OCR Interpretation

Katonah record. (Katonah, N.Y.) 1913-????, December 22, 1922, Image 2

Image and text provided by Katonah Village Library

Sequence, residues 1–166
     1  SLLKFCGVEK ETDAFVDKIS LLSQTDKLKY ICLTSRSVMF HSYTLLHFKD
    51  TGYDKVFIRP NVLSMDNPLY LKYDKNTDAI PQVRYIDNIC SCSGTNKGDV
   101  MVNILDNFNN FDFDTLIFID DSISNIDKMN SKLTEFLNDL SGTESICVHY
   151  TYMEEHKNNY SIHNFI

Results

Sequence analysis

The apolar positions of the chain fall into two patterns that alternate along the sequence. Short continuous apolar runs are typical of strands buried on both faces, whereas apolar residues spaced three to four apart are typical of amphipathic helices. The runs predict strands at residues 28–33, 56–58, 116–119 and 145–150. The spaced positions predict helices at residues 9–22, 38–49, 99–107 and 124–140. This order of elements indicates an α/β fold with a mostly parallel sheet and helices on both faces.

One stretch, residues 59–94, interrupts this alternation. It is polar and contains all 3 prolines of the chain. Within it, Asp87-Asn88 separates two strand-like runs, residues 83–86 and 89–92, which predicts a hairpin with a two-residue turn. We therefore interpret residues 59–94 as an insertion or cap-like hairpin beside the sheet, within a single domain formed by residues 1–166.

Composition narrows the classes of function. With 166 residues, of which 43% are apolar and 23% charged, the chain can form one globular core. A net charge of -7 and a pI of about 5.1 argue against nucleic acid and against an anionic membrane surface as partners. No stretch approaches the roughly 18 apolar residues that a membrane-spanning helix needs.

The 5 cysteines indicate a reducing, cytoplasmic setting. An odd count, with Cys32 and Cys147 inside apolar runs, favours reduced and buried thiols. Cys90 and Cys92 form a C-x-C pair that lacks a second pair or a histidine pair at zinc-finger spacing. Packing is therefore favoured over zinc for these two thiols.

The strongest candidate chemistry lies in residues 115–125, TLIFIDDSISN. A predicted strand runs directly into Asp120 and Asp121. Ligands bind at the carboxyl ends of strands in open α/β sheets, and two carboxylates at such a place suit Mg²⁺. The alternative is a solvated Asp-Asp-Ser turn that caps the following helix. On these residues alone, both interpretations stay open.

Persistent link: http://nyshistoricnewspapers.org/lccn/sn84031707/1922-12-22/ed-1/seq-2/

Thumbnail for 2